Cis-gender versus Trans-gender Breast Augmentation
A common question I am frequently asked is "What are the differences in performing a breast augmentation in a cis-female and a trans-female?" The surgery itself is essentially the same, and with any breast augmentation several decisions are made, which include incision placement, type of implant, and locations of the implant: above or below the muscle. Studying the differences in genetic male and genetic female anatomy and examining each patient's own anatomy and the resulting changes from hormones are what help determine those answers.
Over 90% of my cis-females prefer the incision to be placed in the infra-mammary crease (below the breast). However, over 90% of my trans-females prefer a trans-axillary incision (through the armpit). Hiding the scar in a natural crease in the armpit allows a patient to avoid placing a scar on the breast itself. Once healed, the scar is completely hidden, and by looking at the breast alone, there is no indication that a surgery has been performed.
The style of implant is discussed with every patient. The options include saline, silicone, and highly cohesive silicone ("the gummy bear"). All of the implants are safe, but some have more advantages than others. Saline is usually most affordable and allows a smaller incision, because the implant is filled after it is placed in the body. Unfortunately, saline implants come with rippling, the risk of deflation, the highest rate of scar tissue formation, and without a doubt feel the least natural. Silicone is a great option and feels much more natural. Silicone implants have less rippling, do not deflate, and a lower rate of scar tissue formation, but the price often reflects these advantages. The "gummy bear" round implant in my opinion is the implant of the future. The highly cohesive gel has the least amount of rippling, the lowest rate of scar tissue formation, and the best upper chest fullness for cleavage. Once again, in my opinion it is the best implant available, but the company who manufacturers it must agree, as their pricing reflects all of these advantages. I allow all of my patients to see and feel the different types of implants during consultation, which often help them decide.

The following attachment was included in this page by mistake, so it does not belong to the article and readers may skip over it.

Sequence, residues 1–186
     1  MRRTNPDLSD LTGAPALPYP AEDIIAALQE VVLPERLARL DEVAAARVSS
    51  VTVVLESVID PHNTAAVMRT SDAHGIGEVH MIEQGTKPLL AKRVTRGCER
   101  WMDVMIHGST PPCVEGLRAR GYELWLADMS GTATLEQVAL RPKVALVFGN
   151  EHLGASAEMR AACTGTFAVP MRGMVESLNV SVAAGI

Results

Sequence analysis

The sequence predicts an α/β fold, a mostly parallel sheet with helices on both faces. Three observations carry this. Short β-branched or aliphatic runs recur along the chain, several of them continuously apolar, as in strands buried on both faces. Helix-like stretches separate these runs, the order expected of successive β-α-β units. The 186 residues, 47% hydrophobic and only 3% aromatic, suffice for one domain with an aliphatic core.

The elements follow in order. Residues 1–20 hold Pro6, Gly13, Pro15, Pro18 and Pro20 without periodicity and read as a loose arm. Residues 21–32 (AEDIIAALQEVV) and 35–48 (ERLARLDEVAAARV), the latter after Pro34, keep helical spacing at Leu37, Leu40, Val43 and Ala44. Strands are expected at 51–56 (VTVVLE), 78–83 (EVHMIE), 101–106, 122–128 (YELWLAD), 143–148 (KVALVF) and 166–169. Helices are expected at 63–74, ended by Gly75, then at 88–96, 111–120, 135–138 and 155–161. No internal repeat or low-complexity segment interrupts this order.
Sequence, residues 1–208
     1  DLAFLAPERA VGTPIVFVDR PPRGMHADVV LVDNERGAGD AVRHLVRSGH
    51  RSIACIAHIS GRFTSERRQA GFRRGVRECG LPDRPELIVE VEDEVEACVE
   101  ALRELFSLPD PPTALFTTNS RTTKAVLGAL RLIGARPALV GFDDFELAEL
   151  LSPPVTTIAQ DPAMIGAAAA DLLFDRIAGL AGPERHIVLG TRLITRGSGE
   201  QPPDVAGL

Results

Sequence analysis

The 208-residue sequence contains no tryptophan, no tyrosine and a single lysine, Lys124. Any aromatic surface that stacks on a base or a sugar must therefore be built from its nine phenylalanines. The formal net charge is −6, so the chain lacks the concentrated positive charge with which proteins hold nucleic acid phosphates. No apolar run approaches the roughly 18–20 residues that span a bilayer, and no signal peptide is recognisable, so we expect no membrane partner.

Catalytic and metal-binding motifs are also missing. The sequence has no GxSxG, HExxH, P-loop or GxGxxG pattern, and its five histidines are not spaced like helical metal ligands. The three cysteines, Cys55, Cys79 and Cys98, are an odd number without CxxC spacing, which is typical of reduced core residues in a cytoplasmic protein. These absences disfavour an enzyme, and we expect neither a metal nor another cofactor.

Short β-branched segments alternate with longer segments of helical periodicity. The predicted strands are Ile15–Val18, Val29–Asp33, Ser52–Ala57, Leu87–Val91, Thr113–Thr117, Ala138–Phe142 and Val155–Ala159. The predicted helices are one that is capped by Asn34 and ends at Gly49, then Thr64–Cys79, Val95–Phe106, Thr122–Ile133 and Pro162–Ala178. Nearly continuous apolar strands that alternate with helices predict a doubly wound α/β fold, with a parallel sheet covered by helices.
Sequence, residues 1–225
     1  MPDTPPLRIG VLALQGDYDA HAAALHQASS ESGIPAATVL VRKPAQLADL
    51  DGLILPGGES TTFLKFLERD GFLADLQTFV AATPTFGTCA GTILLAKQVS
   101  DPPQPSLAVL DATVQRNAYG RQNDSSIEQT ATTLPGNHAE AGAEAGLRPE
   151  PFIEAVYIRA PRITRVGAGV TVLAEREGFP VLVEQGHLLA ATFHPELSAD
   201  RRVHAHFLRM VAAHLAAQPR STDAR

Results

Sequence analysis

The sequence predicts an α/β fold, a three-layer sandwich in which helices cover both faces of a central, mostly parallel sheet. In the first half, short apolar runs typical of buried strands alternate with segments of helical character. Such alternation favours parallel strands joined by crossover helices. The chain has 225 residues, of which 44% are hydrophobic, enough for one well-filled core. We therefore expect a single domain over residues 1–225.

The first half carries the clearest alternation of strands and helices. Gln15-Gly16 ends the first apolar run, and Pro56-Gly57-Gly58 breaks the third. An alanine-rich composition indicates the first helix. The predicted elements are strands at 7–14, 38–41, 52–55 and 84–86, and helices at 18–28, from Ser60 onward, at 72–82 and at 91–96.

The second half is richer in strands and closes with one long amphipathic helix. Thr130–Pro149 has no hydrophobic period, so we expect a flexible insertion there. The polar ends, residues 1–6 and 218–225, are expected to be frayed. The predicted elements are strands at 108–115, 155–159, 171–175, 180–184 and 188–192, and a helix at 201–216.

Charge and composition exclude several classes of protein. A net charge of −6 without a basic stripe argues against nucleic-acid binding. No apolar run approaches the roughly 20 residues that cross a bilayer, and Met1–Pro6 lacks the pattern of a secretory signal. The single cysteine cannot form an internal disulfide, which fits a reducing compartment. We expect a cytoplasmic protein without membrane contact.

Size is surprisingly easy. The most important factor is that the width of the implant matches the patients chest size. No one wants to little hills with a big valley in the middle; nor do they want a "uni-boob". On average, my trans-females need wider implants than the average cis-female. If a cosmetic surgeon, does not pay attention to this detail, the patient can end up with a large gap between her breasts. If the patient prefers that look, that is ok; but most of my patients who are desiring augmentation want more cleavage. After the appropriate width is determined, I discuss with the patient the desired amount of projection off of the chest, and we choose an implant that meets her goals together.
The next decision is where to place the implant: above or below the pectoralis major muscle. This decision varies depending on the individual. Factors that must be taken into account include the patient's muscles thickness, breast tissue, and fat distribution. Many trans-females have more muscle than my average cis-gender patient. The amount of breast tissue and fat distribution varies greatly depending on the individual's response to hormones. Whenever possible, I prefer to place the implant below the muscle. By placing the implant below the muscle, the patient will have more of her own tissue covering the implant, giving a more natural feels and slope of the upper chest. Placing the implant below the muscle has also been shown to decrease the rate of scar tissue formation. However, if a patient has very thick muscle, it can look unnatural, and when the pectoralis muscle contracts, the implant may be pushed to the side. Due to these reasons, I spend a fair amount time during a consultation examining the patient and discussing her goals to make this decision.
In summary, the main differences in breast augmentation between cis and trans females has very little to do with the surgery, but much more to do with the treatment planning done during the consultation. I would like to thank my trans-gender patients because I feel that serving them has made me a better cosmetic surgeon. Many of my cis-gender patient's have benefited as much of cosmetic surgery is to make one appear more feminine or more masculine - whether it is a patient's nose, chin, or any other body part despite one's gender identity. Intently studying subtle differences in anatomy between genders has helped me to fine-tune my skills for all of my patients.